Autism and Vaccines

Do vaccines cause autism? For many years a debate has raged on about whether there is a link between autism, the Measles-Mumps-Rubella (MMR) vaccine, and thimerosal, the mercury-derived preservative that was long used to keep vaccines from spoiling. Over the weekend, Pediatrics published a study showing no link between the MMR vaccine, thimerosal, and autism.

Perhaps you’ve not heard of this issue. We hadn’t, until around the time Eli was getting the bulk of his vaccines. Autism rates in developed nations have been rising sharply over the past few decades, and no good cause has been found. In 1998 Dr. Wakefield thought he’d found one: the MMR vaccine. He and 12 co-authors published an article in the Lancet suggesting a possible link between autism, the MMR vaccine, and a supposedly new type of bowel disease. While the paper didn’t outright claim a causal link among the three, Dr. Wakefield did. In a press conference, he called for the combined MMR vaccine to be withdrawn. This was highly publicized in the UK, and led to a drop in MMR vaccinations. Since then 10 of the 12 co-authors have published a retraction, and the London Sunday Times has revealed that Dr. Wakefield had been paid in part by lawyers working on lawsuits against vaccine manufacturers.

However, all of that came to light in 2004, far too late to stop the panic Dr. Wakefield had unleashed. In 2005 Salon and Rolling Stone published an expose by Robert F. Kennedy Jr. claiming that the government covered up the link between thimerosal and autism, and that the link was definite. Medical studies did not back up that claim. The most notable one was a population study of children in Japan, where the combined MMR vaccine was used from 1989 through 1993, after which single vaccines were used. From the article:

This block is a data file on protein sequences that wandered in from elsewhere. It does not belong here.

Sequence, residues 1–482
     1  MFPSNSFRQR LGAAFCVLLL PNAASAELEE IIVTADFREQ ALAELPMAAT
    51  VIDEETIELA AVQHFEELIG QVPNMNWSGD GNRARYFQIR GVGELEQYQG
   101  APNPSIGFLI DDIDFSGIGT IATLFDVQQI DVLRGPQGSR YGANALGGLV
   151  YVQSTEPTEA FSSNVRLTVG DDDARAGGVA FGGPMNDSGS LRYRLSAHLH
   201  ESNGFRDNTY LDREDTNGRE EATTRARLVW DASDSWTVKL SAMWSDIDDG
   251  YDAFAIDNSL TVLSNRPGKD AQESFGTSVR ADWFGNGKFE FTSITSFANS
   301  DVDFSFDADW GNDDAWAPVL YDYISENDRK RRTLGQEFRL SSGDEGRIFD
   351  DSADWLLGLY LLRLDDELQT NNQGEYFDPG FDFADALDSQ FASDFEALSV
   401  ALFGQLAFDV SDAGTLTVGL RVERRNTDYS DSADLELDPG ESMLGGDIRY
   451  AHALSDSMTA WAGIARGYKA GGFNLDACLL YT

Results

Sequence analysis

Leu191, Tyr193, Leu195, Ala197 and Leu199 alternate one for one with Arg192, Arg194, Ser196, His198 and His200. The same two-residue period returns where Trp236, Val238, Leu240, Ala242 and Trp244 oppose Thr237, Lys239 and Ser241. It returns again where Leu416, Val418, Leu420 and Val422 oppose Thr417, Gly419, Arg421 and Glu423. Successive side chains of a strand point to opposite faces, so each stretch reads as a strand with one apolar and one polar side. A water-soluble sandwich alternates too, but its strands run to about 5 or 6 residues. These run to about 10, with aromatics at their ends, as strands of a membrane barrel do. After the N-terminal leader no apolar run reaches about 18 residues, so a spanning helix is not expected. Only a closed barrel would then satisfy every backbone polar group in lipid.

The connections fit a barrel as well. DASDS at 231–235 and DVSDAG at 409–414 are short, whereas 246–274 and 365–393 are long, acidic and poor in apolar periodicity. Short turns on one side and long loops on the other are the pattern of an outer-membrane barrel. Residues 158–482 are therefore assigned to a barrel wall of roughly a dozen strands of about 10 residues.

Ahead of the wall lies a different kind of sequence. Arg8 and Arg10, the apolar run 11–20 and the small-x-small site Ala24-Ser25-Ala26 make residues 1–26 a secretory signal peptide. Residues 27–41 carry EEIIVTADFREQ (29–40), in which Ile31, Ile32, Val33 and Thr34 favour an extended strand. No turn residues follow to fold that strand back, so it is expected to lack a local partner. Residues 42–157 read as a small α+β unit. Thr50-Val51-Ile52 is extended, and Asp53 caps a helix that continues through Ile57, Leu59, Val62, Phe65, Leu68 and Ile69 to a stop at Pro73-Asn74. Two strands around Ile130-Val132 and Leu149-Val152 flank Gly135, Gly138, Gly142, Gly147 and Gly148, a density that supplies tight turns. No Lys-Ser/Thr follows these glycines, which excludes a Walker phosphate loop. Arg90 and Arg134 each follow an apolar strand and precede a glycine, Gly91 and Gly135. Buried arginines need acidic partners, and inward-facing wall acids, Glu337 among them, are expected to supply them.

The MMR vaccination rate in the city of Yokohama declined significantly in the birth cohorts of years 1988 through 1992, and not a single vaccination was administered in 1993 or thereafter. In contrast, cumulative incidence of [autism spectrum disorders] up to age seven increased significantly in the birth cohorts of years 1988 through 1996 and most notably rose dramatically beginning with the birth cohort of 1993.

And now we have this most recent Canadian population study.

CONCLUSIONS. The prevalence of pervasive developmental disorder in Montreal was high, increasing in recent birth cohorts as found in most countries. Factors accounting for the increase include a broadening of diagnostic concepts and criteria, increased awareness and, therefore, better identification of children with pervasive developmental disorders in communities and epidemiologic surveys, and improved access to services. The findings ruled out an association between pervasive developmental disorder and either high levels of ethylmercury exposure comparable with those experienced in the United States in the 1990s or 1- or 2-dose measles-mumps-rubella vaccinations.

This is an important issue. Vaccines reduce the incident of diseases. For an example of this, take a look at how the pattern of mumps outbreaks in the UK supports this claim. Stopping vaccinations is, simply put, a bad thing. I have sympathy for those searching for autism’s cause. It can’t be easy, especially when you can’t even get good data on how many cases of autism there are. But the vaccine-autism link has gone from tenuous to vapor-thin. It’s time to shift ever-limited research efforts elsewhere.